“When a father helps a son, both smile; when a son must help his father, both cry.” — Yiddish proverb
“My father gave me the greatest gift anyone could give another person: He believed in me.” — Jim Valvano
For the past few months, I’ve had the pleasure of watching my neighbor Aaron teach his kids how to catch a ball. When a father is playing catch with his son or daughter, there are few things in life that bring more happiness. It’s total enjoyment to the max. It’s amazing to see the smile on a child’s face when he or she looks into his or her baseball glove and unexpectedly sees the ball there. Then when they grab it and hold it up in triumph, it’s unbelievable. What’s better than that?
After a child learns how to ride a bike or catch a ball, life moves quickly from there. In a brief span of time, there’s a good chance my neighbor’s kids will be as good as, if not better than, he is at games they play. That’s the way it is and that’s the way it’s supposed to be. Soon after teaching my kids pingpong, they were all beating me at the game. I rarely win when we play Rummikub, a tile-based game. I hate losing to them and they hate losing to me, so at least we are even.
When my kids were little, on Saturday mornings, we would walk 15 or 20 minutes to shul, depending on how much fighting, crying and stalling took place. Fifteen to 20 minutes alone with my children — priceless. When your kids are older, how much private time do you get with them? Generally, not a lot.
I know it’s a cliché to say childhood goes by fast, but it’s true. They are children for around 6,000 days (unless they go to college and graduate school, then maybe 15,000 days). In the blink of an eye, they’re all grown up.
“Hey, young dads, I have an idea for you. Have what I call a 1960s day.”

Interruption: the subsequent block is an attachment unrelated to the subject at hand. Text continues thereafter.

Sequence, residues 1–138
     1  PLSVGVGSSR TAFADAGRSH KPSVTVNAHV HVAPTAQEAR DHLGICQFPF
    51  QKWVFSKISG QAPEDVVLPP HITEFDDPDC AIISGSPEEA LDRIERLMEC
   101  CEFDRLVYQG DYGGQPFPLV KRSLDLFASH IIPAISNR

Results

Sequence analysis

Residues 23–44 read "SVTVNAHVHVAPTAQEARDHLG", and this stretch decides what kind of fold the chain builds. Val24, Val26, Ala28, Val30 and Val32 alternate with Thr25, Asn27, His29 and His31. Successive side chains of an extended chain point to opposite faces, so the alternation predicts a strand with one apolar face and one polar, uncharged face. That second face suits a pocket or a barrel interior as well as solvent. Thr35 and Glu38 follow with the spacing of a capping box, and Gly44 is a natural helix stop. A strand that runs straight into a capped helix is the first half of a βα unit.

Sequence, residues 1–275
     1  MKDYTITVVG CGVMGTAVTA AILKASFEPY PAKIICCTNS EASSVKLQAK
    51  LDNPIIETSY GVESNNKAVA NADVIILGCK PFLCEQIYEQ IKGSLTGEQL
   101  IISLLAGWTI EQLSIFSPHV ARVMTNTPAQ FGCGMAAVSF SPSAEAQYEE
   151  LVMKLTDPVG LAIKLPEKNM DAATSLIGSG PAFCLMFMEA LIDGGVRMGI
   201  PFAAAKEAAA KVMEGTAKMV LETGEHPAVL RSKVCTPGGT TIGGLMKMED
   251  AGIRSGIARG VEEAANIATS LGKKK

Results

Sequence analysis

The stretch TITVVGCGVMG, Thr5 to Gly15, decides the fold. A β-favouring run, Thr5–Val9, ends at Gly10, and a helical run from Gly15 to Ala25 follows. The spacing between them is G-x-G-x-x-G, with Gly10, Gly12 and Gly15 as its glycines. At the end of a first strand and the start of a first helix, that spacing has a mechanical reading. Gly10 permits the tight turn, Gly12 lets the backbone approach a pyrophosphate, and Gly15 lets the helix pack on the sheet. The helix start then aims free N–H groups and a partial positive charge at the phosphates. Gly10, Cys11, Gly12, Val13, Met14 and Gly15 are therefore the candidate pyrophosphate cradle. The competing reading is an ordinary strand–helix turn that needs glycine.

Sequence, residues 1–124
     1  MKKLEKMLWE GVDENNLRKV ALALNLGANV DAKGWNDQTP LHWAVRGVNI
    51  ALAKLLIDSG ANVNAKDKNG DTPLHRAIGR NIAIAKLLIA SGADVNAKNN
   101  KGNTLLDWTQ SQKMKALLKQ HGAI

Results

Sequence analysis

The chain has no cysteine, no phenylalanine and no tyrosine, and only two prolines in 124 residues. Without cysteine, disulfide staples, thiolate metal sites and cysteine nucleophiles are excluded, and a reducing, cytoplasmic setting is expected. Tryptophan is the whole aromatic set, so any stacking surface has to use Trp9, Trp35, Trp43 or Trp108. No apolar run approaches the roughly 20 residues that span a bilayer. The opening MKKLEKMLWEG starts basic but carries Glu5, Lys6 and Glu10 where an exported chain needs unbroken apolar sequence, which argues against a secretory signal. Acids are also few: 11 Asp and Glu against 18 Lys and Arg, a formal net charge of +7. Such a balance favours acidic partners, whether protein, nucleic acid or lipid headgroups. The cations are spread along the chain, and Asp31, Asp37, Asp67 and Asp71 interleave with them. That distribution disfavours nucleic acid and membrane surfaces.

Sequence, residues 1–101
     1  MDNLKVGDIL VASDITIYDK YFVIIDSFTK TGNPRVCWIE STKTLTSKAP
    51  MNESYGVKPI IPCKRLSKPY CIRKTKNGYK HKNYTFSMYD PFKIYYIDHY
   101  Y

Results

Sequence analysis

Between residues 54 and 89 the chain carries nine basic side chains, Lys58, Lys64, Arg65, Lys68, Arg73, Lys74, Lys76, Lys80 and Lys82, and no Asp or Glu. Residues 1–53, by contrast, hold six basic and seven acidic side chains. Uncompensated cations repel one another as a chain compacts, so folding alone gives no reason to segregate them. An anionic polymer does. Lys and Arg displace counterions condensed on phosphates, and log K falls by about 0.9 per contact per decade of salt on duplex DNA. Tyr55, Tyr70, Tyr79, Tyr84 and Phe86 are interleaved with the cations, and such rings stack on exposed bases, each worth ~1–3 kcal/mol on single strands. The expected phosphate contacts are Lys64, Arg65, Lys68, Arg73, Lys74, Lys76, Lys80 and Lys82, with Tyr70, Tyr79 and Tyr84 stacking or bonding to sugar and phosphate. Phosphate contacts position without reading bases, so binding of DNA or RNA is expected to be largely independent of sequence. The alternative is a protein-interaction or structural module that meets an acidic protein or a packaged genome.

I have only sons and it’s hard to think of a better feeling than for a father to watch his sons grow up, become menschen and be able to take care of themselves. It’s beyond comforting and beyond belief. It’s one of those “maybe I did something right” moments. When they get married and you see them not only taking care of themselves but also helping care for another person, it is mind-boggling.
One of my rabbis who has nine kids once said to me, “There has to be a God. We could not have done all this on our own.” He meant that to raise a bunch of kids and shepherd all of them out into the world as good and decent people is a miracle and demands assistance from above. I believe that.
I think the greatest thing I got from my father is that I knew, with every fiber of my being, that my father loved me. If you’re a young father and you transmit that to your kids, you’ve done a lot. Knowing a parent loves you can take you very far in this world.
My father didn’t spend much time with me. He was busy working. But during the time we spent together, he was present. When I was growing up, there weren’t a lot of distractions. In the car, we had no cellphones, no iPads, no nothing. Our entertainment was looking through the windshield. When we got into the car, we had a subpar AM radio that broadcast something called “talking.” That’s how two people find out things about each other. Today, people do that on YouTube.
Hey, young dads, I have an idea for you. Have what I call a 1960s day. Have a day when you leave all the electronics at home. Take the children out for a ride or to a ball game or a movie and lunch. Then maybe one day, your kids will look back and say to their kids, “One of my favorite things to do was when me and my dad left our cellphones at home and went out for the afternoon.” Then one day, they can get into their driverless cars, look through the windshield and see things they’ve never seen before.
Mark Schiff is a comedian, actor and writer.